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Thursday, October 16, 2014

Beige Book: U.S. Economy Grew at “Modest to Moderate Pace”

The Federal Reserve’s Beige Book, released yesterday indicated that economic expansion is continuing at a “modest to moderate" pace, a slowdown from the previous report. Reports from Cleveland, Chicago, St. Louis, Minneapolis, Dallas, and San Francisco Districts all indicated moderate growth. The New York, Philadelphia, Richmond, Atlanta, and Kansas City Districts saw the pace of growth improve modestly. Growth in the Boston District was mixed. Several districts were generally optimistic about future growth.

The growth in consumer spending ranged from slight to moderate, with a pace similar to the previous report. Notably, the New York District reported that general merchandise sales slowed. While auto sales varied across districts, most reported a positive outlook and growth. Tourism activity was reported to have increased across much of the nation, with many Districts reporting higher hotel occupancy rates and optimism about the remainder of 2014 and 2015.

Manufacturing growth generally increased since the last report, with many districts reporting a positive outlook. The two weak spots were that, “New York noted that manufacturing growth had stalled, and Boston indicated that their contacts cited weaker results than in the past few reports.”

Loan volumes generally increased since the last reporting period. Credit standards generally remained unchanged since the previous Beige Book. The bright spots were that, “New York reported... delinquency rates continued to decline, particularly for commercial loans and mortgages. Philadelphia banking contacts described steady improvement in credit quality, and San Francisco noted that asset quality has improved since the previous report.”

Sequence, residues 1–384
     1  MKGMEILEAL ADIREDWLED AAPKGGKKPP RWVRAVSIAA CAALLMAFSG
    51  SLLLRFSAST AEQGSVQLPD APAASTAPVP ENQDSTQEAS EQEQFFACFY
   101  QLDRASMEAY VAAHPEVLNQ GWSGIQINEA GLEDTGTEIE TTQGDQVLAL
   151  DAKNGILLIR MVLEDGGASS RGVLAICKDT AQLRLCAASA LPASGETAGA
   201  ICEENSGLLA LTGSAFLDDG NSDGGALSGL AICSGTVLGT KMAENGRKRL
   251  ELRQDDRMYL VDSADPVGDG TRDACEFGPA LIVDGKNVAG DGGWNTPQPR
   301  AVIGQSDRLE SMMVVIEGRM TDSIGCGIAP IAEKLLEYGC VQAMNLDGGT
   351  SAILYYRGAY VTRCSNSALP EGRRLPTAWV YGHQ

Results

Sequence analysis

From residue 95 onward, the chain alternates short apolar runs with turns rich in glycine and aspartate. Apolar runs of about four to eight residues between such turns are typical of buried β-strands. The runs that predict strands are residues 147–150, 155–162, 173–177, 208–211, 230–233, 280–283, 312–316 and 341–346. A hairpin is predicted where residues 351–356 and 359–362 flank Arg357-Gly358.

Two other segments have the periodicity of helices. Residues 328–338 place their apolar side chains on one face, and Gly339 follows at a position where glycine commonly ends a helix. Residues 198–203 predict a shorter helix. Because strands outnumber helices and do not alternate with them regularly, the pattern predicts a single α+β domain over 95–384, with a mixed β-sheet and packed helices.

The report noted that the pace of employment growth remained the same since the last reporting period. Continuing a recent trend, many districts report difficulty filling qualified workers for high-skilled positions. Notably, the districts reported increased upward pressure for wage growth, particularly for skilled labor. The report stated that, “Cleveland, Richmond, and Kansas City noted upward wage pressures for transportation workers; Richmond also reported upward wage pressures for skilled engineers, managers, information technology professionals, and bankers. San Francisco noted that software developers were receiving above-average wage increases. New York reported that workers were more frequently leaving jobs for higher pay, while a contact in the St. Louis District noted increased turnover of skilled employees who were switching to higher-paying jobs.”

Read the Federal Reserve release.

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